By Rabbi Sherre Hirsch
Five months into this pandemic, most churches, synagogues and mosques in California are not offering in-person services. At the same time, liquor stores and cannabis dispensaries remain wide open, as they have been labeled an “essential service.” Alcohol consumption seems to have risen considerably. This stark contrast raises the question: perhaps this is a moment in which we need less self-medication and more meaning?
According to Maslow, our most basic needs are food, drink, shelter, sleep and oxygen. After those physical requirements are met, our needs become more emotional and psychological. We need to feel safe, to feel loved and to feel a sense of belonging. Humans, at their most actualized, strive toward self-esteem, purpose and fulfillment. We need to feel that we matter in this world.
Research shows that self-medicating with external substances does the very opposite. Intoxicants numb the symptoms of discomfort and anxiety temporarily but do nothing to eradicate them. Once their acute effects wane, these substances only drive us to seek more, because they amplify the uncertainty that we are trying to mask. Thus, it makes perfect sense that during this pandemic the use of alcohol and drugs has skyrocketed. Rather than help us cope, substances eventually increase isolation, promote depression, and lead to loneliness.
For centuries theologians, scientists and thinkers have shown that religion and spirituality are not only good for physical health, but are also associated with higher quality of life, speedier healing, and less anxiety, depression and suicide. Members of faith communities have better mental health, resilience, optimism and hope. It is our churches, mosques, and synagogues – rooted in inner connectedness and tethered to a power greater than ourselves – that truly meet the needs of this moment.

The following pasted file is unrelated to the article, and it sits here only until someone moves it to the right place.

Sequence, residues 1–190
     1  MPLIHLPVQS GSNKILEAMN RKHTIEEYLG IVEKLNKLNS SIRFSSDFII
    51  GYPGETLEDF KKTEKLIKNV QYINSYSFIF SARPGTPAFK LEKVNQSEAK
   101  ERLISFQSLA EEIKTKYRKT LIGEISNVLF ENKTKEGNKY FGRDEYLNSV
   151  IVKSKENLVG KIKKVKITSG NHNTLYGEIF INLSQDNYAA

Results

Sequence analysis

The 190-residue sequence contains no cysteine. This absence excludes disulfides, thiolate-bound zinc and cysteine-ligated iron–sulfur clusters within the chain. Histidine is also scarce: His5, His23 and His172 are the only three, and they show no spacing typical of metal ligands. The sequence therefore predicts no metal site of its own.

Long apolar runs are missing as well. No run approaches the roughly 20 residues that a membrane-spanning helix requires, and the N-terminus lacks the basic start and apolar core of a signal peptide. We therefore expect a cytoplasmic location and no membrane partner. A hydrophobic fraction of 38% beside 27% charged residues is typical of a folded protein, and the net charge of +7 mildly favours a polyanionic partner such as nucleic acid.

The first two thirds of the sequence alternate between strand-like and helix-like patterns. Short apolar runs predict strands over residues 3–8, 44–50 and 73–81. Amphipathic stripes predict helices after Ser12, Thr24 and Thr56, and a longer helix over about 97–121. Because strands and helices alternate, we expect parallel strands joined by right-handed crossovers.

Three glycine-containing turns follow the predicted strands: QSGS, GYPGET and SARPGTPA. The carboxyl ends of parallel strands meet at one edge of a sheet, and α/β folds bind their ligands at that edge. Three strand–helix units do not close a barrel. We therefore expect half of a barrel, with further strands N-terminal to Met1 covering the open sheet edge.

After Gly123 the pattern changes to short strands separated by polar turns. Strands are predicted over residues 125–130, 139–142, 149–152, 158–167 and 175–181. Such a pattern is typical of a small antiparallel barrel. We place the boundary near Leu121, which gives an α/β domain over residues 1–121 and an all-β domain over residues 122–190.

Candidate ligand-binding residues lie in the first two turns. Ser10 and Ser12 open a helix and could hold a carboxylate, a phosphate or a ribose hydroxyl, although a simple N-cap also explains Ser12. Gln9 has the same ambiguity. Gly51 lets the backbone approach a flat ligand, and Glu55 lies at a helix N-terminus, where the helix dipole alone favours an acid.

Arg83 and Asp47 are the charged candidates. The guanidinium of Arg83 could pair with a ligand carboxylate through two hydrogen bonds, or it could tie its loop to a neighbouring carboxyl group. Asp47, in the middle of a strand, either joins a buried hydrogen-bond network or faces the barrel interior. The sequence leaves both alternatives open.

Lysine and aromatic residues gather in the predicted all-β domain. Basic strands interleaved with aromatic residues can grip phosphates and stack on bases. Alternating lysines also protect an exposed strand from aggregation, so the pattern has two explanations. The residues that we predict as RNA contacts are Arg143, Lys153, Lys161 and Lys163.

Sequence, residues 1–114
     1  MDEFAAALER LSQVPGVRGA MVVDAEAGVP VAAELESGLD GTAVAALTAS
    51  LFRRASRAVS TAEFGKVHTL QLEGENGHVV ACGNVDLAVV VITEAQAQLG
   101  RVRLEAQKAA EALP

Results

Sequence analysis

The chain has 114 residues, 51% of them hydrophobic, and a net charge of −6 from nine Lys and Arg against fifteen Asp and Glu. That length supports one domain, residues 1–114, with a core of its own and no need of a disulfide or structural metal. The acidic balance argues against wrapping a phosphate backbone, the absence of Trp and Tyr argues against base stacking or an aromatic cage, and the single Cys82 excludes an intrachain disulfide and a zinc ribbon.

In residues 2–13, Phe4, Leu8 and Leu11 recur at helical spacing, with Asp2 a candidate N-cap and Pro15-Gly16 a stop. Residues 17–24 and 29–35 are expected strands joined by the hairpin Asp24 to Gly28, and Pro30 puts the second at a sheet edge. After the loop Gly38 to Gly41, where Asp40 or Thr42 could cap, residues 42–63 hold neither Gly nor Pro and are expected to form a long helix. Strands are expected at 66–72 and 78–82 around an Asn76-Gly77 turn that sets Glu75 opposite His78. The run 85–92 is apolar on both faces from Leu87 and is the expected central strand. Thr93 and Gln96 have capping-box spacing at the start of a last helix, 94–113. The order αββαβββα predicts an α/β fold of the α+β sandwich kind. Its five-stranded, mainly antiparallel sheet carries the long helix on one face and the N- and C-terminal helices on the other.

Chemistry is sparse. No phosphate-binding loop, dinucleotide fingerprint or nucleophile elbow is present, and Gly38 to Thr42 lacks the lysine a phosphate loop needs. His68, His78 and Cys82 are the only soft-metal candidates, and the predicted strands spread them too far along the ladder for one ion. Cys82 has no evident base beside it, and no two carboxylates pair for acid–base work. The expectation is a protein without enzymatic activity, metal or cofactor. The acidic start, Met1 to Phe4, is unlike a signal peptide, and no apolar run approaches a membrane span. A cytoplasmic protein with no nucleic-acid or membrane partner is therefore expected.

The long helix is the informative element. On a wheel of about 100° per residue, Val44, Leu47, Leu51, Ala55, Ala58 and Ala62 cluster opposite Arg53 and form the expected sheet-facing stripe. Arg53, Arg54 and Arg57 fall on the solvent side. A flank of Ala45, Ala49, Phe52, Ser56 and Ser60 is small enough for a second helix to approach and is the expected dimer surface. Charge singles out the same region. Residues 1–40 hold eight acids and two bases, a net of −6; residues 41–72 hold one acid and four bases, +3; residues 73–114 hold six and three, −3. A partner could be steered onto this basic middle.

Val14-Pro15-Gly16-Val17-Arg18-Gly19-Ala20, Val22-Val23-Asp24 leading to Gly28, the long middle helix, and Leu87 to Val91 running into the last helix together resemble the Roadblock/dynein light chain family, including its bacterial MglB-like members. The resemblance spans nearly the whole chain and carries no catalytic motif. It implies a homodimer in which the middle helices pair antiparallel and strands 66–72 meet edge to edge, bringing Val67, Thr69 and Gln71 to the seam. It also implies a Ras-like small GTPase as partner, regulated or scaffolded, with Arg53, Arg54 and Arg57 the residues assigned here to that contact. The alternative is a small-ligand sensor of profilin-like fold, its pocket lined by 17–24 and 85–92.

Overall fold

But how do we meet the needs of this moment for our spiritual communities when it is not safe to come together physically?
Many have been skeptical that the digital space can be an adequate substitute for in-person gathering. At American Jewish University, we have seen over the past five months how digital gathering can be a powerful force for connection, community, and purpose – all of which are so desperately needed during this moment.
When the pandemic struck and shut downs came into effect, we immediately stood up a new digital platform called B’Yachad, which has now hosted hundreds of small group classes and more than 115 large public conversations on subjects from spirituality and theology, to Jewish cooking, to addressing the challenge of anti-Semitism with Bari Weiss and NFL star Geoff Schwartz.
For thousands of people, AJU has become a lifeline. We have many participants who tune in every single day. What’s most remarkable is that we are no longer limited to serving those within driving distance to AJU.
Our community now spans virtually all 50 states and 17 countries – from the South African librarian who says that Byachad “Has been a true silver lining of Covid” to a Christian from a small town in Arizona, “I don’t have adequate words to describe the power of this hour!
There is one note we received that I keep tacked to my wall: “Lying in my hospital bed fighting Covid, B’Yachad is the best vaccine for the moment.”
These past five months have been a powerful reminder for me that humans will go to great lengths – and try new things – to fulfill their most important needs. Despite the trauma, tragedy, and physical distance of these challenging months, I am certain that there is also an opening to build a new sense of connection and purpose for those we serve that will translate and sustain into the Post-COVID future.
Rabbi Sherre Hirsch is the Chief Innovation Officer of American Jewish University.